The Opalka Gallery is on the Sage Albany campus, at New Scotland Ave/Woodlawn Ave/S Lake Ave. It's open Monday-Friday 10 am-8 pm, and Sunday noon-4 pm.
Observation: the results of our campaign yard sign design primary matched up surprisingly well with what actually happened in last week's primaries.
Here's the breakdown...
Yesterday we started our political yard sign design primary with a look at signs for Albany County DA, and a few local state Senate races. Today, we move onto a handful of local Assembly races. And there a lot of signs. So let's get to it.
As in part one, we got a trio of accomplished local designers to critique signs. Here are the results...
The primary elections for state and local offices is this Thursday. And that means lawns, medians, parking lots, and other spots all over the Capital Region are currently adorned with political signs. So. Many. Political signs.
You can't help not seeing them. They're everywhere. So we thought it'd be fun to look at the signs a little differently, a little more fundamentally -- as design objects. And we got a trio of accomplished local designers to critique the design of signs from a handful of local races.
Because of the vast herds of signs this year, we've broken the design primary up into two days.
Today: design primary results from races for Albany County DA, State Senate 43rd, and State Senate 44th...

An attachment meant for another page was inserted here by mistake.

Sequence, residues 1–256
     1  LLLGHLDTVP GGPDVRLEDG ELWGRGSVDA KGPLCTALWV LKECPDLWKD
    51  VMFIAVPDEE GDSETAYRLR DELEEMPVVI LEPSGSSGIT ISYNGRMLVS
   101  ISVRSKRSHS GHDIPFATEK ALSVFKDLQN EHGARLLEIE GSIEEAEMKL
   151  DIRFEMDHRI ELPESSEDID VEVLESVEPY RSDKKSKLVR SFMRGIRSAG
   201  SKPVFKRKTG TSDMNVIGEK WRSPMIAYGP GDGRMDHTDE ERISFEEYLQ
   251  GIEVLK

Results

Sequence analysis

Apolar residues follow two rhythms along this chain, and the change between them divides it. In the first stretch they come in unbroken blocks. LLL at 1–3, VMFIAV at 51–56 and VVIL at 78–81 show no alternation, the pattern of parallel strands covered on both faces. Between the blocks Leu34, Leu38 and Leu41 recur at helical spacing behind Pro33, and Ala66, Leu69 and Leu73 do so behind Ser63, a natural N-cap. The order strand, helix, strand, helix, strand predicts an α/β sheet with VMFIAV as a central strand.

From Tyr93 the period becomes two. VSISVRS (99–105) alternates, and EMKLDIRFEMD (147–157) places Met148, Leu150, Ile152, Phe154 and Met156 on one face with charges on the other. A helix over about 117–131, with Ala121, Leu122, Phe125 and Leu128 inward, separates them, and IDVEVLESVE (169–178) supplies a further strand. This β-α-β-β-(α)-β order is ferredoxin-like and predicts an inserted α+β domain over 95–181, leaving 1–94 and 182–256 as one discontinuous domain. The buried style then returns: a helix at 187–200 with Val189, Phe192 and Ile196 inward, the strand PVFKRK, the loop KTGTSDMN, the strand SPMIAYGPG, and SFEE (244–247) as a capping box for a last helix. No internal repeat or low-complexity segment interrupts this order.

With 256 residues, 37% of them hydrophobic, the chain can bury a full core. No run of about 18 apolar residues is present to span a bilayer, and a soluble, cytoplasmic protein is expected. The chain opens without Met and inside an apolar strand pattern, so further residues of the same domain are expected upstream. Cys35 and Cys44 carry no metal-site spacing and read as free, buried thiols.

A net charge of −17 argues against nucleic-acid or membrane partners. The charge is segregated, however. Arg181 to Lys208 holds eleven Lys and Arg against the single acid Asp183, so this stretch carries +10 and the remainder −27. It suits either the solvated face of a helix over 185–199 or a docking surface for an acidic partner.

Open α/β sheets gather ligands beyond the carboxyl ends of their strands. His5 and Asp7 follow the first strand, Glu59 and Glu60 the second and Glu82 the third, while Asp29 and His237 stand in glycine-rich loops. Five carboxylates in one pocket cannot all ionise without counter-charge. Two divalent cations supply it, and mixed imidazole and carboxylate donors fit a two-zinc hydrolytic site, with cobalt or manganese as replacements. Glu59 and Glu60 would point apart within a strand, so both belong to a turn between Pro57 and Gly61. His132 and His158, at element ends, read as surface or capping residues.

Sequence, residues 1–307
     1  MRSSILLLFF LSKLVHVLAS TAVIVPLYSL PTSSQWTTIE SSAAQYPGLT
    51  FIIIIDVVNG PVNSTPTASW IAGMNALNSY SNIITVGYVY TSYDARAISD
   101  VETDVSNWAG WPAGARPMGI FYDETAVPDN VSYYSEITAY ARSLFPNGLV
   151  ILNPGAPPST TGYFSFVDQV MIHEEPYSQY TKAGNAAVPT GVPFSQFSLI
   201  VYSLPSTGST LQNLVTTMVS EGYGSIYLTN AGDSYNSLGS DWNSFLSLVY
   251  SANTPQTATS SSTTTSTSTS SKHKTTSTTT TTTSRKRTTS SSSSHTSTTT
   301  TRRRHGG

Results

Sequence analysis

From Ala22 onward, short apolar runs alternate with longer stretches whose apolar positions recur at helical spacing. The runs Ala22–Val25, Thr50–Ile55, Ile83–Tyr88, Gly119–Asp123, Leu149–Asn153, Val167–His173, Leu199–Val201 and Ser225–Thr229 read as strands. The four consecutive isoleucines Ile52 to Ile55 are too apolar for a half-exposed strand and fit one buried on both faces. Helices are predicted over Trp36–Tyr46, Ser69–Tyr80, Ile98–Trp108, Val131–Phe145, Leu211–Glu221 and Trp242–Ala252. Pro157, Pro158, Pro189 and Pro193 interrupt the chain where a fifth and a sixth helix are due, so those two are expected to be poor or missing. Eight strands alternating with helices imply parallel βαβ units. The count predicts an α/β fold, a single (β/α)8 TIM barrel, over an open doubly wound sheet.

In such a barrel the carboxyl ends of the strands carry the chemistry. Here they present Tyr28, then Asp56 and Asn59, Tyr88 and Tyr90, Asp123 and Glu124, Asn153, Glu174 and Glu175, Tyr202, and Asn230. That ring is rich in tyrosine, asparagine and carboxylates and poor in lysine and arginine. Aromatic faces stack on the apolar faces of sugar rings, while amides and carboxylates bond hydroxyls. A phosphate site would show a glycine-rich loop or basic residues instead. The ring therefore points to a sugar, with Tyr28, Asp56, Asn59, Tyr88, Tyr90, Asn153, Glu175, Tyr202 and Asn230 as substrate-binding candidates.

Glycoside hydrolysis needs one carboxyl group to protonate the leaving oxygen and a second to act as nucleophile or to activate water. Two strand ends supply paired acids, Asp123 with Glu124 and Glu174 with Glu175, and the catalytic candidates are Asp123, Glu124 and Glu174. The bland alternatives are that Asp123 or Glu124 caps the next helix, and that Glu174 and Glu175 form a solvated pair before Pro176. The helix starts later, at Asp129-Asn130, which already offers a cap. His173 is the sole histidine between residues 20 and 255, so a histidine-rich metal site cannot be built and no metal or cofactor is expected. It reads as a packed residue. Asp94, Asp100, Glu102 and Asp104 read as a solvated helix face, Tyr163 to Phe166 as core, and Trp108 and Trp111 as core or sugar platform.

The state's tourism arm introduced a new advertising campaign today that plays off the iconic I (heart) NY design. It replaces the heart with other images that are supposed to represent fun things from around the state: pizza, the track in Saratoga, Finger Lakes wine, and so on.
One of the TV spots for the campaign is embedded above. The ads will be shown around the state, as well as in markets such as Hartford, Philadelphia, Toronto, and Montreal.
The Cuomo admin press release says the tourism arm will also be collecting submissions from the public for the logo, which will then be displayed online.
About the original logo...
The logo has been appropriated/re-mixed/ripped off almost everywhere. A few years back the state hired an anti-counterfeiting firm to crackdown on unlicensed uses. [I Love NY]
Check it out: one of local designer Andrew Gregory's t-shirts is for sale at the Gap.